• Text should be significantly larger than those in traditional flat-screen-based UIs.

Design Ideation

After analyzing design implications, I started the design process by interpreting each design implications and sketching out the common mode of interaction that will be used in this app. Low-fidelity sketches of some parts of the interface were also made.

Sketches and Brainstorming of modes of interaction.
Sketches and Brainstorming of modes of interaction.

Designing Navigation

Choosing the Interaction Method

  • While brainstorming, I considered multiple interaction techniques such as hand gestures (detecting hand poses), hand movements (flicks), and virtual buttons.
  • Although there are myriads of interaction techniques through Leap Motion Controller and virtual reality, using hand gestures requires some learning which seems to be inappropriate in this context.
  • Also, unreliable detection of gestures and movements might also make the experience worse.
  • Though this group of target users might not be familiar with VR experiences, they are familiar with computers and smartphones.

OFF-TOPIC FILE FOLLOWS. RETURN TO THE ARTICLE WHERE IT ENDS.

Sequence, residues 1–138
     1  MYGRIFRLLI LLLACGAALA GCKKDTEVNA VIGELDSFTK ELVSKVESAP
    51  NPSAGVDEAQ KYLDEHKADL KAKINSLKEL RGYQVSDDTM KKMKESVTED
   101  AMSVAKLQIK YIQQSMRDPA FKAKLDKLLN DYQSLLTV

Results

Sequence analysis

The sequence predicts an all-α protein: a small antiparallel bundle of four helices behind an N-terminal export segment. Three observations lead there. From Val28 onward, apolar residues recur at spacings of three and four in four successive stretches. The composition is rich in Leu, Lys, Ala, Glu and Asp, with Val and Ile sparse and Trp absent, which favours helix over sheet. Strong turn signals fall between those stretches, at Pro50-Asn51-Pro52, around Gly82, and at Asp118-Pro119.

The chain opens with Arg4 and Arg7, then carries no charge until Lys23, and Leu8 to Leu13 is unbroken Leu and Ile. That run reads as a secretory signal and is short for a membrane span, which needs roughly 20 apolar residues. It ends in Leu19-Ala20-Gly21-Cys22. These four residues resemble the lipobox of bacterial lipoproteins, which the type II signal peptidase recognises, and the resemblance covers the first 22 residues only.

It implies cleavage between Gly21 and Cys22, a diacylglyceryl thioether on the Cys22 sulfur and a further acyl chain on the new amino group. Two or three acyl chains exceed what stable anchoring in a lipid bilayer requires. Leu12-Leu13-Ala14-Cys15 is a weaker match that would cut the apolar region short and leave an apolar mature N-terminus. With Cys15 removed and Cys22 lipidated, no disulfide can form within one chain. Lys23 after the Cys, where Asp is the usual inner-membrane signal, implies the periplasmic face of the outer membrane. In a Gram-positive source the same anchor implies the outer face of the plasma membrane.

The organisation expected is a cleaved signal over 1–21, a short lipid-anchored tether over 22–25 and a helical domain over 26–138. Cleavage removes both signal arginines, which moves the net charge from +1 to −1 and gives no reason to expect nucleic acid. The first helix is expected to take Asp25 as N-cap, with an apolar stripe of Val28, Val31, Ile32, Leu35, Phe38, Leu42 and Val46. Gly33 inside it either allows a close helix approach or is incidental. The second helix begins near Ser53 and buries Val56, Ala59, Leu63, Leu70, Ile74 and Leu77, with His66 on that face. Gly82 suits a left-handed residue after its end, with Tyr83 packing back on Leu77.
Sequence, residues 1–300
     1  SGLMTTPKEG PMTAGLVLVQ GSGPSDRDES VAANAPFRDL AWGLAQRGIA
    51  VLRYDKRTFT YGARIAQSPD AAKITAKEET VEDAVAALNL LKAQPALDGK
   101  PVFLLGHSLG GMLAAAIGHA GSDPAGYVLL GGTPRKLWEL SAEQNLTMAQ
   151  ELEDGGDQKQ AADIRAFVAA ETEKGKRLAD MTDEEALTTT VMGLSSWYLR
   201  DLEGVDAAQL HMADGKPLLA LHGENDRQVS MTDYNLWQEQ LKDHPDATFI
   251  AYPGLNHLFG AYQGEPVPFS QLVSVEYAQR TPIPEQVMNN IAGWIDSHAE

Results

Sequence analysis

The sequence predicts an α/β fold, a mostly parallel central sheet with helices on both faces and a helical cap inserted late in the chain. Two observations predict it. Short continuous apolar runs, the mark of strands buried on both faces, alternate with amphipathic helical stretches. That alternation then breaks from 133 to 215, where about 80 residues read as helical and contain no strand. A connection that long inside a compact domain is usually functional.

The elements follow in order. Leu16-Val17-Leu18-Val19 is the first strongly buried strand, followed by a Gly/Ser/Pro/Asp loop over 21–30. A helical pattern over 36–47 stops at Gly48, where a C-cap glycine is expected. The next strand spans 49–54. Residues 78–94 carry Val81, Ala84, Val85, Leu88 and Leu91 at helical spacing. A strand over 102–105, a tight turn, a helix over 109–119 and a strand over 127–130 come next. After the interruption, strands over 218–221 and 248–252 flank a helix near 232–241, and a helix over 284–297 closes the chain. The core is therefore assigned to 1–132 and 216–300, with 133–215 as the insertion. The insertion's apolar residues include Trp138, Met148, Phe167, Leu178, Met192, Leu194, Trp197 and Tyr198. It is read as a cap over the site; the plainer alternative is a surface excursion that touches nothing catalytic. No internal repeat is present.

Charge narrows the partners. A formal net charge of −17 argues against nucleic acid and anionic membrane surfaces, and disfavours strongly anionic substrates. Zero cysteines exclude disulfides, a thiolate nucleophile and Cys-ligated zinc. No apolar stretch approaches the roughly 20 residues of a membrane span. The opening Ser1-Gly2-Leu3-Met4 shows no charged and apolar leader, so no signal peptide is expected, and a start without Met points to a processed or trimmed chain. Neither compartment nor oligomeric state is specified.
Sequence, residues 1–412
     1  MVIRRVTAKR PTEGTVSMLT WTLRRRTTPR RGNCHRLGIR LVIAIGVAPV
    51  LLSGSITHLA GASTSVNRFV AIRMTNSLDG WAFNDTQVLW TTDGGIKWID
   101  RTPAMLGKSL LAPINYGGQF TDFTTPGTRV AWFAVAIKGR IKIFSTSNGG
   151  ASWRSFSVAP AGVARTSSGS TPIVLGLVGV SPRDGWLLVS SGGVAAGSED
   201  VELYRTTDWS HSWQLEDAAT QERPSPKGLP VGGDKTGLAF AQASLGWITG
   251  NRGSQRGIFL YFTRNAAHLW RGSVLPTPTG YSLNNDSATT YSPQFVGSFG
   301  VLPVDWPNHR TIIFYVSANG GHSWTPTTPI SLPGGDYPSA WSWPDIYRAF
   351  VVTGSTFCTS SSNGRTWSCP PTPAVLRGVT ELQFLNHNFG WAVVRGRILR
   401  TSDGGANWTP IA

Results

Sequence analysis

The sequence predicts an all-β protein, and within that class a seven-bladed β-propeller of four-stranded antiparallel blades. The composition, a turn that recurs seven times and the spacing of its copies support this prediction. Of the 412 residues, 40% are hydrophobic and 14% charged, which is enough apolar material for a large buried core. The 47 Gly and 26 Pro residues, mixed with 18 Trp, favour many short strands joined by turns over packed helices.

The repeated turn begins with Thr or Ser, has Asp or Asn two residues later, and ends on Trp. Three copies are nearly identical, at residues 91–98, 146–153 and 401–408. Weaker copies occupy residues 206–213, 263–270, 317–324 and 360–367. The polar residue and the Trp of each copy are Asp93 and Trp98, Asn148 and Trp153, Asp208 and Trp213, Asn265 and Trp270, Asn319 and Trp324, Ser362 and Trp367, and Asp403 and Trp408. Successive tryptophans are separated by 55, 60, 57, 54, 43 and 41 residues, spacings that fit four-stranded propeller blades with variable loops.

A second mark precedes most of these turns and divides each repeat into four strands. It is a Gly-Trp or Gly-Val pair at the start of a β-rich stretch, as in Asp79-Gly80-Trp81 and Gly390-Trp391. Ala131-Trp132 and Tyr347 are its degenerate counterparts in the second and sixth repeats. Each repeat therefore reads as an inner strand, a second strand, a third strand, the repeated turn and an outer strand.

• Leveraging design patterns from these known platforms that users are familiar with could help minimize learning time.
  • Also, interaction modes should be consistent across the application to make it easy to learn.

As a result, I designed the application to utilize only one mode of interaction: pressing buttons. which users are most familiar with and also does not require sophisticated—and potentially unreliable—detection mechanism.

The Navigation Belt

With these considerations, I came up with the navigation belt design pattern. To leverage users’ familiarity with smatphones, the placement of the navigation buttons was inspired from mobile apps.

Design Inspiration: Navigation Menu in mobile Apps.
Design Inspiration: Navigation Menu in mobile Apps.

The navigation belt is a circle that floats around the users’ waist. Like how navigation bars of mobile apps are placed at the bottom of the screen, the navigation buttons for this VR application was also placed at the bottom of the field of view of the user.

On the belt are the buttons that serve as the primary navigation menu. This belt is visible and will follow the user at all time while they are using the app to enhance the discoverability of possible actions in the app. This is to make sure that the user immediately gets what this app can do from looking at the menu buttons. Moreover, because it circles around the user’s waist, it is easy for them to reach the buttons on the belt with the hand.

The Proposed Design Pattern: Navigation Belt
The Proposed Design Pattern: Navigation Belt